Written May 3, 2020
Nathaniel Hawthorne’s character, Georgiana, within his story “The Birth-Mark” serves to embody a few of Hawthorne’s ideas in regards to women. Georgiana’s husband, Aylmer, uses different types of emotional abuse in order to control his oppressed wife and transform her into his ideal version of perfection. This story has been debated as a feminist tale where the conclusion is ultimately decided by the individual reader. My reading of “The Birth-Mark” leads me to believe that it is a cautionary tale through Hawthorne’s examples of emotional abuse, gaslighting, and brainwashing between Aylmer and Georgiana. Consequently, I do not find the story to be a feminist tale due in part to the way Aylmer and unnamed men from Georgiana’s past treated her birthmark but also due to the way Georgiana is portrayed throughout the story as this feeble creature.
The start of the story details the initial conversation about Georgiana’s birthmark and how it deeply disturbs Aylmer. This is where the audience sees the first instance of Aylmer’s emotional abuse as he tells his wife that “upon another face,” her birthmark may be a sort of charm or beauty mark (Levine, 695). The speaker then acknowledges that:
Georgiana’s former lovers were wont to say, that some fairy, at her birth-hour,
had laid her tiny hand upon the infant’s cheek, and left this impress there,
in token of the magic endowments that were to give her such sway over all hearts.
At first glance, this could be read as Hawthorne quietly expressing that she was beautiful regardless of the birthmark but there is a secondary reading of this sentence. This sentence introduces the idea of “the male association of the birthmark with magic” which is a result of “keeping with patriarchal tradition associating women with all that is mysterious, changeable, unintelligible, intangible, intuitive, or inexplicable” (Skredsvig, 102). Georgiana was given these elaborate fairytale backstories as a way for men to blame her for why they were enamored by her. Specifically, they claimed that “the magic endowments that were to give her such sway over all hearts” (695). Fellow women called the birthmark the “Bloody Hand” as a way to minimize her beauty. However, none of this had bothered Georgiana until her husband came along.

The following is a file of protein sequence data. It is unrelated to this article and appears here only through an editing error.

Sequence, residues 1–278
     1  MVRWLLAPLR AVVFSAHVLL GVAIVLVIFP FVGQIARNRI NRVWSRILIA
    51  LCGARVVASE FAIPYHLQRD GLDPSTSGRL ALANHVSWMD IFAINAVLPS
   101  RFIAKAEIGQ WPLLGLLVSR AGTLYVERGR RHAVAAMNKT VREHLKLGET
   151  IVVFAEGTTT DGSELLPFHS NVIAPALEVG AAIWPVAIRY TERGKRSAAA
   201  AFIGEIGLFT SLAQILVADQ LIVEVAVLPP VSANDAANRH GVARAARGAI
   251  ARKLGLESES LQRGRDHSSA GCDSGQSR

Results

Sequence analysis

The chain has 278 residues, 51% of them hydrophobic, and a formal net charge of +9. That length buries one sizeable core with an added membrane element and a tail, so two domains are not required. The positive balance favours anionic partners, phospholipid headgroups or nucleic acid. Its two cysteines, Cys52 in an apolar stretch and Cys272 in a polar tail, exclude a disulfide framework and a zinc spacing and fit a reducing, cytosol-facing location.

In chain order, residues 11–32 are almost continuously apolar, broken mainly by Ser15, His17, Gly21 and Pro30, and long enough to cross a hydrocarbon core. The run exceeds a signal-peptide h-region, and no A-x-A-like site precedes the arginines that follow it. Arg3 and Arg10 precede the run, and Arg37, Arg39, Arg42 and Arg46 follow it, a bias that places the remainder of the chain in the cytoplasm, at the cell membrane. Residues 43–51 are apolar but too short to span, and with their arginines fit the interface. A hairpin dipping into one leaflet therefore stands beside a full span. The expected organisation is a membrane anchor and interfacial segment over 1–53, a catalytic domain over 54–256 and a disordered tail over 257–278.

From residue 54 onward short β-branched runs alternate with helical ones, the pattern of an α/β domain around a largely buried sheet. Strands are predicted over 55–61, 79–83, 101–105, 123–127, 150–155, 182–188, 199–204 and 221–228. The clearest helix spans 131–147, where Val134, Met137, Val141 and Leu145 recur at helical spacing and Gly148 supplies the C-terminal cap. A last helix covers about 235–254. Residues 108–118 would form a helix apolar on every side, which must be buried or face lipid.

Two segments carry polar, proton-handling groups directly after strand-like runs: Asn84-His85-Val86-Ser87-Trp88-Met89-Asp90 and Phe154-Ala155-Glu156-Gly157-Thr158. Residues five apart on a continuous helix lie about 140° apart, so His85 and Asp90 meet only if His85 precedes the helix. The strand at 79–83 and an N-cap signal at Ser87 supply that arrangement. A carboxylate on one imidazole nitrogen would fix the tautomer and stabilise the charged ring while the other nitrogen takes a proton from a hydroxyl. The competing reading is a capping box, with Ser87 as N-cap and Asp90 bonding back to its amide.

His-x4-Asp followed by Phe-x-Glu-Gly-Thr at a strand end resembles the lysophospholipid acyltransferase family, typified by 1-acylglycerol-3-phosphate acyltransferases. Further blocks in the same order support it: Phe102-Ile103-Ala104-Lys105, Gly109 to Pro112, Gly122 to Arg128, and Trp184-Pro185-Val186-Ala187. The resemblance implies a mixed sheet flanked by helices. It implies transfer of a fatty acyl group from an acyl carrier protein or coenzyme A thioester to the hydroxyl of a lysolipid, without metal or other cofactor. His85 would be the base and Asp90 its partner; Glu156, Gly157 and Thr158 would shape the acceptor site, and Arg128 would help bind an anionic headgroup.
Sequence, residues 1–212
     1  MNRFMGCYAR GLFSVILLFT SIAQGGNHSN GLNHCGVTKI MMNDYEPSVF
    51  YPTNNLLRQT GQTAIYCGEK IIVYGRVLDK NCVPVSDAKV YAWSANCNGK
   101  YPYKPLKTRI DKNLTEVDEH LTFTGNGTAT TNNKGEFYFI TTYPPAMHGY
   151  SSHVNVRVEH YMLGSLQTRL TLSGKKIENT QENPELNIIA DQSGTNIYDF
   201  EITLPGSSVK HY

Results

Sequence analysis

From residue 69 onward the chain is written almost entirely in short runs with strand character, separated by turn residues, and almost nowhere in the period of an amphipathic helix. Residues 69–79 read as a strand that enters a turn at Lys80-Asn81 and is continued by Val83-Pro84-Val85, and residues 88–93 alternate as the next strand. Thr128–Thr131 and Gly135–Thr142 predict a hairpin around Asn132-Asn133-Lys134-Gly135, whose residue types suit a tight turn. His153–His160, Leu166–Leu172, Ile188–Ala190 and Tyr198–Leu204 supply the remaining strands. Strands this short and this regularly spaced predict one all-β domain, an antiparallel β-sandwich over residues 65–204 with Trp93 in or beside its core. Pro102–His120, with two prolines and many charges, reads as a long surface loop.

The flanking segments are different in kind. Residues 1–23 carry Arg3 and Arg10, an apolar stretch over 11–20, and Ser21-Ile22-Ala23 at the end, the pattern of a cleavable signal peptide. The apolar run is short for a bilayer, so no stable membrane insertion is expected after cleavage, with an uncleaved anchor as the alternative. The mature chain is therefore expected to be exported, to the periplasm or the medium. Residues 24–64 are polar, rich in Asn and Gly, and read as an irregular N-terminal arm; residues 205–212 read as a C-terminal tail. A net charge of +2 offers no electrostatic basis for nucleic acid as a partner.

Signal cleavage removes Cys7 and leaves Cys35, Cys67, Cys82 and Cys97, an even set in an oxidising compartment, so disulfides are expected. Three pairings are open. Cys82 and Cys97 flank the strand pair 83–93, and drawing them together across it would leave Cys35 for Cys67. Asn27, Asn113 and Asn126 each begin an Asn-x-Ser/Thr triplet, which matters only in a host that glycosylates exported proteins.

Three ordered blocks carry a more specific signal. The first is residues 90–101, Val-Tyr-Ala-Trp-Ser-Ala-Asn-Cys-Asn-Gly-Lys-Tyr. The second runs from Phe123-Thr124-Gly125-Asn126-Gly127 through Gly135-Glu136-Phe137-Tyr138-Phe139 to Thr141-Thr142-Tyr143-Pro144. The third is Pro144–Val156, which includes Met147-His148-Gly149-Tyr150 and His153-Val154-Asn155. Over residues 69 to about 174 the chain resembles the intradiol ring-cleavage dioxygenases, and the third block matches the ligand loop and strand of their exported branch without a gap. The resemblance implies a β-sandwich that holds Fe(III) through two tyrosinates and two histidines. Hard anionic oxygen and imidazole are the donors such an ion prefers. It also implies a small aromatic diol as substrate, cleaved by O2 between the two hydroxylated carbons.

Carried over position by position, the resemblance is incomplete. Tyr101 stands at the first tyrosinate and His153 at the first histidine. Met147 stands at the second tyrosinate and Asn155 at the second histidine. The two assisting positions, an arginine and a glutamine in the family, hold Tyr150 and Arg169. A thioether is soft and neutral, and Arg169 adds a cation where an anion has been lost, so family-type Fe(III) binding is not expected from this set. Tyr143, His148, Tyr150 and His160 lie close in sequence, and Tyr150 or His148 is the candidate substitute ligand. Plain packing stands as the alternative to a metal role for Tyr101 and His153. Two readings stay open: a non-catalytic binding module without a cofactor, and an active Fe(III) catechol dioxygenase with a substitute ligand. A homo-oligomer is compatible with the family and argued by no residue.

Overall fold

Aylmer personified this tiny birthmark by claiming that the birthmark “expressed the ineludible gripe in which mortality clutches the highest and purest of earthly soul, degrading them into kindred with the lowest, and even with the very brutes, like whom their visible frames return to dust” (Levine, 696). This sentence can be perceived as misogynistic since this “is visible confirmation not only of human mortality but of human inferiority, which is represented as female” (Skredsvig, 103).
Another important thing to note about how Aylmer perceives Georgiana is that the topic of the birthmark only came about “very soon after their marriage” (Levine, 695). This alludes to a large problem which is that Aylmer had thought this through carefully. He understood that it was much more difficult to leave a husband than it was a boyfriend so he had no brought up his distaste for the birthmark until after he had “trapped” Georgiana. One could say that he could have found a different woman to marry that didn’t have a birthmark but Georgiana “embodied those traits considered desirable in a wife: she is demure, proper, delicate, supportive, refined, and, above all, submissive” (Skredsvig, 103). Georgiana, in all regards, is extremely submissive towards her husband, but especially in regards to the birthmark topic.
Aylmer takes Georgiana into a chamber to seclude her away from everyone in order for him to work on removing the birthmark which results in him keeping Georgiana from thinking the birthmark is anything less than a terrible imperfection. He started off with small gestures to show his disgust, such as how he “tenderly kissed her cheek—her right cheek—not that which bore the impress of the Crimson Hand” which is also one of the examples throughout the story of Hawthorne’s satirical element (Levine, 698). While in seclusion, Aylmer “attempts to unite his love for science with his love for his wife” which is really Aylmer’s way of using his wife for his own personal gain (Mehdi, 5).
Aylmer views Georgiana’s birthmark as a “mark placed upon women by the society when woman is left undefined” (Mehdi, 6). Georgiana and fellow women of the 19th century had no agency and were controlled and defined by the men around them. Georgiana doesn’t fight this already created way of life and even goes along with it. She asks Aylmer on page 697 if “this [is] beyond your power” which in turn “removes the blame from Aylmer and places the blame on society because society produces him” (Mehdi, 6). She doesn’t even give him the chance to take accountability for what the procedure will do to her and rather blames outside forces because that is what her ideology tells her to do.